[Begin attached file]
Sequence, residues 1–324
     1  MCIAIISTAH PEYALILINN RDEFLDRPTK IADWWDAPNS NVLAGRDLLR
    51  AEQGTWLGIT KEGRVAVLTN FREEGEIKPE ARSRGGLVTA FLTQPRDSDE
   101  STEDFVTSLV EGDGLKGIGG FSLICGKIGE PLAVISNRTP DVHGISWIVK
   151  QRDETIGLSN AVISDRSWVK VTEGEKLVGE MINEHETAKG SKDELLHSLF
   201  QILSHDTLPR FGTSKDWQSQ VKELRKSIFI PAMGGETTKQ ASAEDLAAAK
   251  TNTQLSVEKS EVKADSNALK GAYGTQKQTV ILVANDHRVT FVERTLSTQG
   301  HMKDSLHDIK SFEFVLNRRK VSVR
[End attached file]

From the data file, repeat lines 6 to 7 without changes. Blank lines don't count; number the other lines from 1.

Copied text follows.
   201  QILSHDTLPR FGTSKDWQSQ VKELRKSIFI PAMGGETTKQ ASAEDLAAAK
   251  TNTQLSVEKS EVKADSNALK GAYGTQKQTV ILVANDHRVT FVERTLSTQG